“The reality is Chinese companies are becoming world beaters but need to raise their game in the communications stakes,” says Weber Shandwick Shanghai MD Darren Burns. “Why would you abandon this exciting opportunity? We are in China to serve all companies.”

For Bjorksten, there is no point in pursuing local Chinese companies unless his firm can become a genuine trusted advisor. To do that, he adds, requires a direct relationship with the chairman or CEO.

“You have to deal with senior executives who genuinely want to build their reputations,” agrees Burns. “They have to know they need help and be willing to invest and stay the course.”

Companies that understand this, says Bjorksten, are often those that are expanding internationally. Numerous Chinese brands now work with international PR firms outside China, including Huawei (Fleishman-Hillard and Burson-Marsteller); Lenovo (Text 100 and Ogilvy PR); Li Ning (Fleishman-Hillard); and Haier (MSLGroup, via local acquisition Genedigi). 

Another example is Suntech Power, which last year hired Weber Shandwick to handle its communications both inside and outside China. The energy company’s director of investor relations, Rory Macpherson believes that the advantages local firms may have once had are narrowing.

“Chinese PR firms may have short-term advantages of having stronger connections with local media and media influencers, due to a longer operating history, and potentially better understanding of local media  practices,” says Macpherson. “Though, in theory, these could largely be overcome as many international PR firms tend to shift to a high degree of localization by hiring the best local talent.”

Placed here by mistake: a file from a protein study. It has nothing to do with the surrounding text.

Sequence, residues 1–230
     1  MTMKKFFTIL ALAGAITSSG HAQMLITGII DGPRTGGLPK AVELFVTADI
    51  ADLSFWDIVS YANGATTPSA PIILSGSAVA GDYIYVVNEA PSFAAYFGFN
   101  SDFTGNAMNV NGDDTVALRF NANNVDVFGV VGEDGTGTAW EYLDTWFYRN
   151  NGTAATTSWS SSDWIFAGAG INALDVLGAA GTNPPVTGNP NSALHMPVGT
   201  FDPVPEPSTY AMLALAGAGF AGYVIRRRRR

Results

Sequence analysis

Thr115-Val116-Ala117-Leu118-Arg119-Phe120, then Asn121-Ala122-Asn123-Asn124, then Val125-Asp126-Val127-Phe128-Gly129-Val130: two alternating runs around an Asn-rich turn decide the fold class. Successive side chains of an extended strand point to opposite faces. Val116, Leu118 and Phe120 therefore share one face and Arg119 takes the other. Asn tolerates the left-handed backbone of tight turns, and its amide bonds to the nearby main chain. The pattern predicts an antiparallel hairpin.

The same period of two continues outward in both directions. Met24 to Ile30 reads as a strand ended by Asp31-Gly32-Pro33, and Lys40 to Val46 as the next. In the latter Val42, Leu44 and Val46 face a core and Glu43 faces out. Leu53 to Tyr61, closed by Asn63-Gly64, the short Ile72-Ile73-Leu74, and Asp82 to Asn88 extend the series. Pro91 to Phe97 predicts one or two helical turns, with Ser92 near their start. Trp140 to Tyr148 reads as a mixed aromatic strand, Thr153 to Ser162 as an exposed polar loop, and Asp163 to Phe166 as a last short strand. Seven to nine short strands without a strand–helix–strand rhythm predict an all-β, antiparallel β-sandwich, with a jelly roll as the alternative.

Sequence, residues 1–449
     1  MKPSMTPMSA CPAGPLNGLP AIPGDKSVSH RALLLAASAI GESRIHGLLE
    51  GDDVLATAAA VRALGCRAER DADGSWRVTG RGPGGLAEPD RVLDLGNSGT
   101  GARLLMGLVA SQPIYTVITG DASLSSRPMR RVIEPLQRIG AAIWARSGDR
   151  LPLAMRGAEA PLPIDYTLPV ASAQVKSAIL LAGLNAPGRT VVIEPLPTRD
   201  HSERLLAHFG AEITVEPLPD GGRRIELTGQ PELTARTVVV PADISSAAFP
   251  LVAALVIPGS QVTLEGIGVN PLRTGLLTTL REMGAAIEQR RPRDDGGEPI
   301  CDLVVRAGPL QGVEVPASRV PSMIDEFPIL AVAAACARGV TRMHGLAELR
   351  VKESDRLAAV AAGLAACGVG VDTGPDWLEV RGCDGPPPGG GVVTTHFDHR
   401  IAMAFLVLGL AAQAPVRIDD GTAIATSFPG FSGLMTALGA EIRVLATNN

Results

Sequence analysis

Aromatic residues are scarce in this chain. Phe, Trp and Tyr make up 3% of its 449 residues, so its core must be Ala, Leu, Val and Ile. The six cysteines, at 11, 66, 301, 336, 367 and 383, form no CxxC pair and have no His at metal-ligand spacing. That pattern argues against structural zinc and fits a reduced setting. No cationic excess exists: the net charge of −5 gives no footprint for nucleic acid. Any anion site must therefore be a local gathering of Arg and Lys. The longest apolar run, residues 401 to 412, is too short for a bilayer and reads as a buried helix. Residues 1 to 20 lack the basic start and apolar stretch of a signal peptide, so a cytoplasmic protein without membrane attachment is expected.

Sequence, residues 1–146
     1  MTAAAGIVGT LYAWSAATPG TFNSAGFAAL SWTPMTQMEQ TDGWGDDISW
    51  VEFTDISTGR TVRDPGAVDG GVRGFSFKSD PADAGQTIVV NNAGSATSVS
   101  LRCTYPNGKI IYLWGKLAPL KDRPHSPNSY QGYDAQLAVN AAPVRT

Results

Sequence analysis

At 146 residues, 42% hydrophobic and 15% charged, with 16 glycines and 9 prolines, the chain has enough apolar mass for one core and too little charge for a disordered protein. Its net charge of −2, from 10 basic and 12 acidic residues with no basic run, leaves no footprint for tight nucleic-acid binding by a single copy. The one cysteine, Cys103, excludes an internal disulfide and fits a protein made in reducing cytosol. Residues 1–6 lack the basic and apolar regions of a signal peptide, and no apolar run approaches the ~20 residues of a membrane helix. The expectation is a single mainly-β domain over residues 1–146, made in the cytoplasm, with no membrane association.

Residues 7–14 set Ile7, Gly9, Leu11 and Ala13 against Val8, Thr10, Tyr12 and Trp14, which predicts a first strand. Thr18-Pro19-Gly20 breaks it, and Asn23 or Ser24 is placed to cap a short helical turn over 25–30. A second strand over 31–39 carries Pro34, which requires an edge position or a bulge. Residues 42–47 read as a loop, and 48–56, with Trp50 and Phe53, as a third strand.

For a company like Suntech, the benefits of an international firm are clear, particularly when it comes to their ability to understand different markets. Yet, within China, the situation is much less simple. “Maybe international firms can handle strategic consulting,” says Shan. “But for implementation, relationships and execution, they are not very strong.”

“Some Chinese companies expect miracles in a short space of time,” admits Burns. “They need to know that building a reputation is a process, not a one-off event.”

The CIPR’s Zhao notes that, for Chinese companies, the very concept of public relations is new. “The concept of PR entered into China with the entry of MNC companies,” notes Zhao. “So the Chinese PR industry has been evolving.”

However, Zhao believes that the emergence of Chinese companies will ultimately benefit international firms, pointing to the Chinese government’s decision to hire Hill & Knowlton for the Beijing Olympics assignment as a seminal event. 

The irony, perhaps, is that China’s local agencies have little trouble attracting international business. Indeed both D&S and BlueFocus count at least half of their business from foreign companies. And BlueFocus COO Peter Mao, for one, appears unconcerned about international firms eroding his domestic client base.

“It might be that international agencies don’t understand the operation in Chinese terms,” says Mao. “But we don’t see any gap between international and local clients.”